'Social butterfly' Nate Burleson explains his unique leadership style


New Browns wide receiver Nate Burleson

Nate Burleson is a gifted communicator with advice galore to give Browns players.

"What I always learned from veterans is that you give back to the league, what was given to you," Burleson said during a conference call Monday with Browns media.

When asked to comment on his leadership style, Burleson, 32, began to elaborately describe his first few years in the NFL with the Minnesota Vikings. He played alongside Randy Moss, but it was veteran receiver Marcus Robinson – also his direct competition – who mentored Burleson more. Robinson drilled home the point of team to the young Burleson, over individualism that is often seen in young wide receivers.

"[Robinson] was in my corner," Burleson said. "I mean, he held me under his wing for an entire year. And I ended up being the starter. And I just never forgot that. So every individual I came across, whether they're my age, free agent, draft pick coming in to play my position, I'm going to embrace it."

Burleson said he isn't going to stomp his feet and demand respect once he arrives in Cleveland. He plans on earning it by showing he works as an individual, how he shows up and acts professionally, and most importantly, playing at a high level.

"Guys respect playmakers," he said. "With talented receivers already there, I've got to go out every day and show them that [I'm] a legit wide receiver."

A self-proclaimed "social butterfly," the key to his leadership style is actually not inside the locker room, it's away from it. Taking teammates out to dinner, or just hanging out and watching television, Burleson says, is when the most important bonding occurs.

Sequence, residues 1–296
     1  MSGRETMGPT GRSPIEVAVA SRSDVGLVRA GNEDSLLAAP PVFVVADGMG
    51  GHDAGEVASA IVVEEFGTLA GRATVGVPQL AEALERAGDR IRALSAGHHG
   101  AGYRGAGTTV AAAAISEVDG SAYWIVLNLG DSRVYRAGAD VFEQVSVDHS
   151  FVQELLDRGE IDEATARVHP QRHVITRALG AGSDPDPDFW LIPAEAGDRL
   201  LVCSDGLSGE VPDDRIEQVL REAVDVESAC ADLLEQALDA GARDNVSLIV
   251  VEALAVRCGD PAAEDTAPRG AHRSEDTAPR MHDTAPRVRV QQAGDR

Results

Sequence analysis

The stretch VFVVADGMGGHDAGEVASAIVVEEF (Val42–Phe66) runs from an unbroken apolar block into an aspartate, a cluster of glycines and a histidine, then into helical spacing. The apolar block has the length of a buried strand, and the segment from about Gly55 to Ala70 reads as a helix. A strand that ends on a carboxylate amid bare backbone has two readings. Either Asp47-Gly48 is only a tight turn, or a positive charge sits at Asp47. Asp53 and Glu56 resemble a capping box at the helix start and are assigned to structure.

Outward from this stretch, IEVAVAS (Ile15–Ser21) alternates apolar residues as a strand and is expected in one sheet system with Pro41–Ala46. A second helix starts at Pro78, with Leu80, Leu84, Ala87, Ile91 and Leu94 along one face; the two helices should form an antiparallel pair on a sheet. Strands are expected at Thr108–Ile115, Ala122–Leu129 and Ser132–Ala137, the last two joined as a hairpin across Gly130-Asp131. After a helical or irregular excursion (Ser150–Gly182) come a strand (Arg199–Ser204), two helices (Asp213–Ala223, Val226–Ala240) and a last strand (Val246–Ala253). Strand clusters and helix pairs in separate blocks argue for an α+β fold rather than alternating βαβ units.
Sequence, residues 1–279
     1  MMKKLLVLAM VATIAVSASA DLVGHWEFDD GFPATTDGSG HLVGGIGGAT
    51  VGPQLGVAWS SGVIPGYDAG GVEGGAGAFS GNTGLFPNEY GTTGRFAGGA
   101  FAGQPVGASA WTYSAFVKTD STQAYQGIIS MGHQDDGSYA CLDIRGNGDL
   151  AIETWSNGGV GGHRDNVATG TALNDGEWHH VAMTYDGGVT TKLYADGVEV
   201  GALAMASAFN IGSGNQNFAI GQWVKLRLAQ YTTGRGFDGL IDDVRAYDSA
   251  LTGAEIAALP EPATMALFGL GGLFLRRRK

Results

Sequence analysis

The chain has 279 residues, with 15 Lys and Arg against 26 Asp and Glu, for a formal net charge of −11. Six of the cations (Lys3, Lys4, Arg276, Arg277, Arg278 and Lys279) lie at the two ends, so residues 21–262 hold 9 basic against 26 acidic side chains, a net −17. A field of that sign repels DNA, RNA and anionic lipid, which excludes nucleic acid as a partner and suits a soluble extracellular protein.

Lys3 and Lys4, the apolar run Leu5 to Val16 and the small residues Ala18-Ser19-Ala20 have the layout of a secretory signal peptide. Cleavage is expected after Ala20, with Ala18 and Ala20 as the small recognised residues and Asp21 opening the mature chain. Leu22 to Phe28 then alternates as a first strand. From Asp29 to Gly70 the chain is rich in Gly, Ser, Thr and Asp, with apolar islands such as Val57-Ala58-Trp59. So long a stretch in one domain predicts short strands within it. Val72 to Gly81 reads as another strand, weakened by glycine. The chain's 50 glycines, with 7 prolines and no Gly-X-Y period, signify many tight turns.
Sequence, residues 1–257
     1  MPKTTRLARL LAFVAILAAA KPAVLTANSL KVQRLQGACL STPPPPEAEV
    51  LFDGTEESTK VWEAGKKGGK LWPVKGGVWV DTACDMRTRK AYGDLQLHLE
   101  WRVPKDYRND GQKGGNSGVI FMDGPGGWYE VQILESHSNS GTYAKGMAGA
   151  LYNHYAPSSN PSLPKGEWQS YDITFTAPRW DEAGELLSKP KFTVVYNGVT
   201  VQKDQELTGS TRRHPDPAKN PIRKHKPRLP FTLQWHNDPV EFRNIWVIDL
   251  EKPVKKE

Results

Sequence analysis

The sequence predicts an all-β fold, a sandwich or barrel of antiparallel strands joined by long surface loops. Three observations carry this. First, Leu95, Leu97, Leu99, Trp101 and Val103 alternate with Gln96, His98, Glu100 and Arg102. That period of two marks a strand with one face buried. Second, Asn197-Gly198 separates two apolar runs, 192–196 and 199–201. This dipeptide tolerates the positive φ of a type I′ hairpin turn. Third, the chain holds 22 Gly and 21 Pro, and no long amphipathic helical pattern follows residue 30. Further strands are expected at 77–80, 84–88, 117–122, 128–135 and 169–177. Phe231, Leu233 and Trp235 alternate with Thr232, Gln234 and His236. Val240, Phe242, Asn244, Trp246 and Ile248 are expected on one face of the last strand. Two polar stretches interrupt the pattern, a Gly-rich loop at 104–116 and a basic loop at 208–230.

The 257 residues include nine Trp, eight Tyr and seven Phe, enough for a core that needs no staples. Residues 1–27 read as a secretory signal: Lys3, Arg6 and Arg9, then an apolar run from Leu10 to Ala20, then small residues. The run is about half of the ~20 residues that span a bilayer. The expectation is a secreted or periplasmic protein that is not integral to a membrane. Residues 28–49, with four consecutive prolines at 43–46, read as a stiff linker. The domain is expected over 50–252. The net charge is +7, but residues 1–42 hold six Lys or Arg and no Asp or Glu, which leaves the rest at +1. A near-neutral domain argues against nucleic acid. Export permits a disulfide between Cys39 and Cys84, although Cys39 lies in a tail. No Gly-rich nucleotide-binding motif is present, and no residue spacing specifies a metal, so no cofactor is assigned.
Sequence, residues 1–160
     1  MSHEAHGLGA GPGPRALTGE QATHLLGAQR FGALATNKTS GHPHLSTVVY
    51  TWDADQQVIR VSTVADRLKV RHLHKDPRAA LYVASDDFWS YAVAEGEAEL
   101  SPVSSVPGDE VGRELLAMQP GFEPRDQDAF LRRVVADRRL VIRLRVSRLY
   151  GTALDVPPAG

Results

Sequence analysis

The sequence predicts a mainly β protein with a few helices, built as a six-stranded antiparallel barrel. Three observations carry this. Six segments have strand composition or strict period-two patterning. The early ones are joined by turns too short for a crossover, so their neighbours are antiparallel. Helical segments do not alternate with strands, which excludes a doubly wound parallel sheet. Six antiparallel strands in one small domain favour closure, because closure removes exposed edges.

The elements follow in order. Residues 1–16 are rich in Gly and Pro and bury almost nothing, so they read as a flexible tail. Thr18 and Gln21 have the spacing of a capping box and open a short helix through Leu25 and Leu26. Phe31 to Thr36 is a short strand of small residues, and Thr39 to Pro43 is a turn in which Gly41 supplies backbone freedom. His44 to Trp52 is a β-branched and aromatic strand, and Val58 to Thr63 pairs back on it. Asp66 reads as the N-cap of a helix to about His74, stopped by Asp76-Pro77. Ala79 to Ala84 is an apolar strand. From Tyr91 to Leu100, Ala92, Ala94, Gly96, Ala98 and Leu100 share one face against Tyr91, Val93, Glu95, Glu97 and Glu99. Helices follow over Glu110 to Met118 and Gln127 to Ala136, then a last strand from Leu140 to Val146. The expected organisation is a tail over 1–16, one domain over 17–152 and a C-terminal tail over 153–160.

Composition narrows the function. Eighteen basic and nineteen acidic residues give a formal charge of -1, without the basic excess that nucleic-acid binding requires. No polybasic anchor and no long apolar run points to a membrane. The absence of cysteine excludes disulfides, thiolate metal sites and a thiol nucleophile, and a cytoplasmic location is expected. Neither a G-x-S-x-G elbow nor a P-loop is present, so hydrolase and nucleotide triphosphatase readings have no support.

"We got the jerseys off and you kind of unveil yourself," said Burleson. "And it's not all football. That's how I got so close to the receiving corps in Detroit. That's how I got to know Calvin [Johnson] on a personal level."

Johnson and Burleson's relationship continued to blossom in Detroit. When Burleson wanted to work out twice in a day, Johnson wanted to do the same. When Burleson wanted to lead a drill, Johnson already had beat him to the punch. The duo developed a friendly competitiveness, pushing each other and the eventually the entire receiving group.

The player who stands to benefit the most is fellow receiver Josh Gordon, who turns 23 on April 13 and is already a burgeoning superstar. Their growth as a tandem is something Burleson is ready to embrace.

"The next big thing is here," Burleson said. "It's up to Josh to continue to play at a high level and stay consistent. And I think he has the right mindset for that." Now, Gordon has something else: the guidance of an established, optimistic veteran.

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